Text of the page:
20. bob rulz

    bob rulz Prince

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    Salt Lake City, Utah
    I have a simple thing to chip in with your war article scoutsout. You always have to remember that attacking strong defensive units with weak units will just give the enemy free experience. However, since you want to attack with your more powerful units last because you don't want to risk them (which is why artillery is important), then it's hard to decide between the weak units and the strong units. At least, this is what I've noticed, I'm not sure how useful/helpful/true this actually is, because war is one of ym weak points.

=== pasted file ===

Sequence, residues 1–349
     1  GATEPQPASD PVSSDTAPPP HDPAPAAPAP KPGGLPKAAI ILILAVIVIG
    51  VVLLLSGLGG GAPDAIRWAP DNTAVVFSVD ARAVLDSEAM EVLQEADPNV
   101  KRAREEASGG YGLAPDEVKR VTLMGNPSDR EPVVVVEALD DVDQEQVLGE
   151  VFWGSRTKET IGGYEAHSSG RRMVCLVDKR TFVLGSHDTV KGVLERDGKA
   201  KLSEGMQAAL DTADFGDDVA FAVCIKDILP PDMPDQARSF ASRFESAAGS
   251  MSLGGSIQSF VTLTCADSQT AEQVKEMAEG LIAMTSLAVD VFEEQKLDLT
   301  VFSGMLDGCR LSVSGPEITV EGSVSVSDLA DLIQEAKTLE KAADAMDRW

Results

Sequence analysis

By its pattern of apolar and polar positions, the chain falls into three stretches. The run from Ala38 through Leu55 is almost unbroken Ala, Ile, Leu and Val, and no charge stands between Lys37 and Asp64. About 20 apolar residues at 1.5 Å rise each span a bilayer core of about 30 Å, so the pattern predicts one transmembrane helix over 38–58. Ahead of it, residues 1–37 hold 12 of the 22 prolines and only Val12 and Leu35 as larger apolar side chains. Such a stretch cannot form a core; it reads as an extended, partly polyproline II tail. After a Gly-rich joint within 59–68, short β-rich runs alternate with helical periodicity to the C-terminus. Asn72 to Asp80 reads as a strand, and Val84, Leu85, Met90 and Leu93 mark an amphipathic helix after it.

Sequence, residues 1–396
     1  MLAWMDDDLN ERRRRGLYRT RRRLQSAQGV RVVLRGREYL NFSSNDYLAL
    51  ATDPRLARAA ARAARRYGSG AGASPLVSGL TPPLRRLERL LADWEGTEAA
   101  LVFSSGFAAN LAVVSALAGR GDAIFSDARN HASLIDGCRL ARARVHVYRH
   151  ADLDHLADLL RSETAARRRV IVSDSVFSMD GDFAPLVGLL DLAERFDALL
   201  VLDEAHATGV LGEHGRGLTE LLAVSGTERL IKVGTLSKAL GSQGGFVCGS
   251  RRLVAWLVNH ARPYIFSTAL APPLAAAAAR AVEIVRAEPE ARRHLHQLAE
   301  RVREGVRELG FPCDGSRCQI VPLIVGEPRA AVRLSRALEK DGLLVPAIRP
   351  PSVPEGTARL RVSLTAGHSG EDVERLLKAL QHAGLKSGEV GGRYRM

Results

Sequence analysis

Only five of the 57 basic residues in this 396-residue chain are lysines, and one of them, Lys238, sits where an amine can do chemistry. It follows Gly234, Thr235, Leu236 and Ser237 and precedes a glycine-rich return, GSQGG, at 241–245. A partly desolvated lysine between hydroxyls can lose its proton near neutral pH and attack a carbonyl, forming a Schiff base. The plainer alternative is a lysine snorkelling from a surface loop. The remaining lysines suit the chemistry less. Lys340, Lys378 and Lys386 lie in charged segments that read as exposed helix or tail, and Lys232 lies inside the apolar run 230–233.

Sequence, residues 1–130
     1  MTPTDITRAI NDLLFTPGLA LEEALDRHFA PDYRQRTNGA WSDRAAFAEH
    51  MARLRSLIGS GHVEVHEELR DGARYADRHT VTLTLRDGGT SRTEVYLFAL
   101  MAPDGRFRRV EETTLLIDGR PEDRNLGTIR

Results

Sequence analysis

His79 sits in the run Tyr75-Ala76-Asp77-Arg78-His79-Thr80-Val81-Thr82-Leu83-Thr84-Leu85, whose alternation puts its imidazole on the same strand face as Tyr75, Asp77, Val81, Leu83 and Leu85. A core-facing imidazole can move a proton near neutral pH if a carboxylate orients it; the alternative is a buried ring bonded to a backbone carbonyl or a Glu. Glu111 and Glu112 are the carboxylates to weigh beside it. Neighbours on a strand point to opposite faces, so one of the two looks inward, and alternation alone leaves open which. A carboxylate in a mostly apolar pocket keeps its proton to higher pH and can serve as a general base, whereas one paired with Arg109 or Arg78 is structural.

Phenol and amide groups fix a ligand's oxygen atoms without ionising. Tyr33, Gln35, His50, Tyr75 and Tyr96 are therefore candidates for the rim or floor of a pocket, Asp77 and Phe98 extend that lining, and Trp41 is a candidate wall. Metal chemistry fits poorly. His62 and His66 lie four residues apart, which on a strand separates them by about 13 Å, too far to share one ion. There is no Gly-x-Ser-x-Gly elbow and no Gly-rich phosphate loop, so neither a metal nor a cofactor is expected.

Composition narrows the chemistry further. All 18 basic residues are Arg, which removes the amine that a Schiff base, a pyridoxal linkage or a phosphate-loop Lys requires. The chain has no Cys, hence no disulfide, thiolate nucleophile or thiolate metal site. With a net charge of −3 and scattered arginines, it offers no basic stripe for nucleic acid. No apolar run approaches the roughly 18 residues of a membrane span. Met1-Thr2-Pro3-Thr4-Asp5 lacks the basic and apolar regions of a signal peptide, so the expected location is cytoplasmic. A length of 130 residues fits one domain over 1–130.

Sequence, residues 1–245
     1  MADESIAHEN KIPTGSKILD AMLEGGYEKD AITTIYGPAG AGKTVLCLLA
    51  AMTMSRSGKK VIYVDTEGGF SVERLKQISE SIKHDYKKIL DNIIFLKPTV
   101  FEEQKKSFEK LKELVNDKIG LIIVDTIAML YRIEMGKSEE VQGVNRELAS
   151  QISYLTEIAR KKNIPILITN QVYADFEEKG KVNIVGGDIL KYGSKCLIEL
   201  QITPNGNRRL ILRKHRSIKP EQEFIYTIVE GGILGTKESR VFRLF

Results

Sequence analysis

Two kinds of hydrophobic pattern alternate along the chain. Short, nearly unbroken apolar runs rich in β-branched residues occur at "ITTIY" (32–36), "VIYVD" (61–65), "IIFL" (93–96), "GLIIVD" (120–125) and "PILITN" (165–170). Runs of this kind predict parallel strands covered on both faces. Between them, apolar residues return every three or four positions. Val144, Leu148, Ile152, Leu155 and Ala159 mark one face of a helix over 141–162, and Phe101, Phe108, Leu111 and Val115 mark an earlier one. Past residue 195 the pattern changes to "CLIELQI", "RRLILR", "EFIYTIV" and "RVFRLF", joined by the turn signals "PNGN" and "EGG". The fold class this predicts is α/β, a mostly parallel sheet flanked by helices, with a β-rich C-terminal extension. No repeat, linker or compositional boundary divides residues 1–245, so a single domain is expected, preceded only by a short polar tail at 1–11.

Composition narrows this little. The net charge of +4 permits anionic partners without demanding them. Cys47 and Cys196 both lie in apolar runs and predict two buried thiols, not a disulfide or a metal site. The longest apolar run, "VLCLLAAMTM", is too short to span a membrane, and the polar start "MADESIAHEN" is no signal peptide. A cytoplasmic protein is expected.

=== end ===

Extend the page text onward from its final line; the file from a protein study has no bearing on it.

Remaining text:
Anyway, this thread is very helpful. Thanks for the info everybody! :goodjob:

    EDIT: Oh, and a question I have for you experts here...is it better to use a horseman's speed or a swordsman's attack/defense? Or does it depend on the situation? Thanks in advance!